Hawaii Hotel Resort Fees

$65/Night Hawaii Resort Fees Persist But President Says Stop

Resort fees are back in the news today, and Hawaii has some of the most eye-popping ones as far as we know. Yesterday, President Joe Biden attacked egregious hotel resort fees and called on Congress to limit some of these fees being levied on consumers.

These add up to unfair fees… when you check out, it can be over $50 a night. — President Joe Biden.

This subject has been dragging on for a very long time. More than five years ago, the FTC said that “Separating mandatory resort fees from posted room rates without first disclosing the total price is likely to harm consumers.” Yet it continues widely to this day. Resort fees force consumers into making “An incomplete, less informed decision that may result in a more costly room, ” added FTC.

The American Hotel and Lodging  Association hit back, however, saying that 94% of hotels charge no resort. When they do, “it includes unique and tangible amenities such as food and beverage credits, special events, access to pools and beaches, transportation and spa services.”

It seems that Hawaii may have more than its fair share of hotel resort fees, and we simply fail to find the value in them. Read on for why these fees exist in the first place; it’s interesting.

InsultingHawaii Resort Fees Up To $65/Night.

Some of the highest Hawaii resort fees we found on checking today include the following. Below see the hotels with the highest percentage of total fees and taxes:

  1. Alohilani Resort $48/night.
  2. Andaz Maui $50/night.
  3. Aston Waikiki Beach Hotel $39/night.
  4. Aston Waikiki Beach Tower $45/night.
  5. Fairmont Orchid $42/night.
  6. Grand Hyatt Kauai $45/night.
  7. Grand Wailea Resort $50/night.
  8. Hilton Hawaiian Village $50/night. As an aside, also expect to pay $58-$68 for parking.
  9. Hotel Wailea $40/night.
  10. Hyatt Regency Waikiki $42/night.
  11. Koa Kea Resort $45/night.
  12. Mauna Lani Resort $45/night.
  13. Modern Honolulu $35/night
  14. Montage Kapalua Bay $65/night.
  15. Prince Hotel Waikiki $39/night.
  16. Royal Hawaiian $42/night.

Resort fees, together with taxes, can still add up to 50% to your bill.

Not only that, but some resort fees are very easy to find just by searching. Others are hidden away and can only be found when attempting to make a booking.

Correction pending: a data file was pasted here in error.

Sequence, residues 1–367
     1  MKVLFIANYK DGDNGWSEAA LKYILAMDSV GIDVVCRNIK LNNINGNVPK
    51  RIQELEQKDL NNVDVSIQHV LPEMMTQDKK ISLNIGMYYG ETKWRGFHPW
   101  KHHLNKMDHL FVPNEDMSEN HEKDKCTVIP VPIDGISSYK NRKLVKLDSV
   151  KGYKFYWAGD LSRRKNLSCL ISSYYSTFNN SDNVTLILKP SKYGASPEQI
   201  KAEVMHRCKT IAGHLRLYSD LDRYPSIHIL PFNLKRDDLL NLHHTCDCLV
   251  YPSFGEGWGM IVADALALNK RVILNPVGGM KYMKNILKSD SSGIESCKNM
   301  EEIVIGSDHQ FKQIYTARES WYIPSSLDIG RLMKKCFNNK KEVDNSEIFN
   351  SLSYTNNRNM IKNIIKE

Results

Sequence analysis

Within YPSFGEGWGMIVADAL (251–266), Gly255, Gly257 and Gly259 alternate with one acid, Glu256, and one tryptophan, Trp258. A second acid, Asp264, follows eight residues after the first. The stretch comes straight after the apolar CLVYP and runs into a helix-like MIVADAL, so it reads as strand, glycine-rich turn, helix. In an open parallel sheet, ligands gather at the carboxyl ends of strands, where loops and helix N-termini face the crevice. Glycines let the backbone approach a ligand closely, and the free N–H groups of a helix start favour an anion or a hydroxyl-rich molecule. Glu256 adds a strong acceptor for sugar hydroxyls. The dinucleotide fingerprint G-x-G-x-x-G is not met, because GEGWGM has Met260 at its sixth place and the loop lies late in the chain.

It’s interesting, too, that even some very high-end Hawaii hotels are no longer sharing resort fees. At the same time, others try to wrap resort fees together with parking fees and even allegedly with a car rental upgrade or discount, soft drinks, or other obscure and unnecessary things.

Some of the highest total fees and taxes when we last checked were at Prince Waikiki (48%), Outrigger Waikiki Beach (46%), and Laylow Autograph Collection (50%). Read the entire Hawaii resort fee and taxes article. Obviously, the higher the price of the hotel, the less percentage impact resort fees will have.

Why do Hawaii hotels charge resort fees?

It comes down to bait-and-switch to some degree. By hiding some of the costs until later in the visitor’s search process, it can frequently give the impression that the total cost is much less than it really is. It’s the same as airlines and their basic economy offerings.

Not only that, but Hawaii hotels don’t pay commissions to travel agencies on resort fees. So moving some of the money there helps their bottom line.

Avoiding Hawaii resort fees.

  • Check different rate codes and see if you can find one without a resort fee. You can also call the property and ask for suggestions.
  • Some hotels waive resort fees on award-type bookings.
  • The hotel’s branded credit card, or a travel-focused premium credit card can be another way to mitigate these fees.
  • Join the hotel’s frequent guest program and see if that reduces your resort fees.
  • Consider vacation rentals because often there is no resort fee, even at condo resorts (but they do have other fees to be aware of).

Leave a Comment

Comment policy:
* No profanity, rudeness, personal attacks, or bullying.
* Hawaii focused only. General comments won't be published.
* No links or UPPER CASE text. English please.
* No duplicate posts or using multiple names.
* Use a real first name, last initial.
* Comments edited/published/responded to at our discretion.
* Beat of Hawaii has no relationship with our commentors.
* 750 character limit.

Your email address will not be published. Required fields are marked *

This site is protected by reCAPTCHA and the Google Privacy Policy and Terms of Service apply.

28 thoughts on “$65/Night Hawaii Resort Fees Persist But President Says Stop”

  1. It seems that a new fee has surfaced on restaurant bills. One customer recently shared on Facebook a picture of his check at Monkeypod Restaurant at Ko Olina resort on Oahu. At the bottom of the check (just below the line for GET) was a line “4% kitchen svc fee”. Apparently this kitchen service fee was computed on food, not drinks. Are other restaurants also doing this? Hits tourists and kama’aina alike.

Scroll to Top